Few could dispute the unfairness of inaccessibility to necessities like bathroom facilities for disabled persons. But reciprocally, how fair is filing frivolous litigation over it?
To Colodny Fass Associate Tim West, perspective was everything in a recent victory he achieved working with Firm Partner Joel Fass on behalf of a South Broward pizzeria owner in a case involving disabled persons’ access under the Americans With Disabilities Act (“ADA”).
When a disabled man filed suit against the pizzeria claiming it failed to provide ADA-compliant restrooms, the pizzeria owner knew he had to find legal representation—and quickly–given that his restaurant did, indeed, have a fully disabled-access restroom quite literally next to the regular facilities. The Plaintiff’s action even came complete with an alleged third-party “expert” opinion.
For West, who readily describes himself as “left of liberal,” the thought of any disabled person being denied access to anything was nothing short of reprehensible. But he set aside his immediate sentiments to explore the matter objectively, beginning with a visit to the pizzeria together with Fass. They weren’t at all surprised at what they found.
Armed with an ADA compliance checklist, the two lawyers performed an onsite investigation, concluding that the Plaintiff and his accompanying ADA “expert” simply failed to notice a fully compliant ADA restroom located immediately adjacent to the restroom referenced in the lawsuit.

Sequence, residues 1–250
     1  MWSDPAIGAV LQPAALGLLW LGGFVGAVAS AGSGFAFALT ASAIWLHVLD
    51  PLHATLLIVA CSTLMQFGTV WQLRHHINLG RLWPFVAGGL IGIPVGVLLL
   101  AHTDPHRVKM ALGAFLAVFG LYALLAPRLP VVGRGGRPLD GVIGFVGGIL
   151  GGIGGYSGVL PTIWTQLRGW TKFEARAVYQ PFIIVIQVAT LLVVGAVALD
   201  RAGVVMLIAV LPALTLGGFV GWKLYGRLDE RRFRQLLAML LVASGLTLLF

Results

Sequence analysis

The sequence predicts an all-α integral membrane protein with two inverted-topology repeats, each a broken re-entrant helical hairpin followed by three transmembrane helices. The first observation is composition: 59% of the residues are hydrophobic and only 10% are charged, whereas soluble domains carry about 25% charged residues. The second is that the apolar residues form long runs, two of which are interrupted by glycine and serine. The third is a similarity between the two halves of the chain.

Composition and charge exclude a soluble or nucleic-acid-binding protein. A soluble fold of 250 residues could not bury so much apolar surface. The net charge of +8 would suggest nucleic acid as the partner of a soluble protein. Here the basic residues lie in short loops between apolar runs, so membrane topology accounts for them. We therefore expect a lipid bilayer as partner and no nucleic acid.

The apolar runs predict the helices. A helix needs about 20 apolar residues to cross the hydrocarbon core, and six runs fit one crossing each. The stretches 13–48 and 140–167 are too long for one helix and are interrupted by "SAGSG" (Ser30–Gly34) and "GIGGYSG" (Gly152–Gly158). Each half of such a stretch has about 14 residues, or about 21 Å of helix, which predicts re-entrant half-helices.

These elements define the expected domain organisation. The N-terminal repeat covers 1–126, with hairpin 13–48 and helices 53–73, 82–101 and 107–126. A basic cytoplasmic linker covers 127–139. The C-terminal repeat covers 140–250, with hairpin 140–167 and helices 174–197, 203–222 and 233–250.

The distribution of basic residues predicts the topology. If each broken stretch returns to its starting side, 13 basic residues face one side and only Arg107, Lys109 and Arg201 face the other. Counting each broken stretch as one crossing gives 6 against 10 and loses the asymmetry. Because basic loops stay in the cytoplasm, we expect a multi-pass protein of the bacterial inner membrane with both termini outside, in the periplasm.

“If there was a way to reform the system that essentially punishes business owners who, in good faith, try to comply with the ADA, then that would be a win-win for everyone,” West said. “That our client received no opportunity whatsoever to allay the Plaintiff’s concerns prior to the lawsuit being filed indicates there’s a need for systemic change.”
After visiting the pizzeria, West and Fass returned to the office to telephone the opposing counsel. Predictably, the call was short and decisive, essentially resulting in a withdrawal of the Plaintiff’s complaint.
“Because the ADA requires that a restaurant like our client have only one ADA compliant restroom, we were able to convince (the opposing counsel) to file a notice for voluntary dismissal with prejudice prior to Colodny Fass filing a responsive pleading or notice of appearance,” West explained. “One less case to clog our overburdened court system.”
In order to have standing to sue as a (facilities) “tester” under the ADA, West related that one must:
- Be disabled;
- Visit a place subject to the ADA (most places of public accommodation);
- Observe/experience ADA violations; and
- Allege the tester intends to return to the place but for the violations.
“The problem is that frequently, small business owners have no idea they are not in compliance and first learn of the alleged violations when they are slapped with a lawsuit,” he added. “I am hopeful that getting the word out about cases like this and educating business owners about their rights will bring the grass roots groundswell to effect ultimate legislative change.”
To consult with Colodny Fass Florida Litigation Lawyers Joel Fass or Tim West, call (954) 492-4010.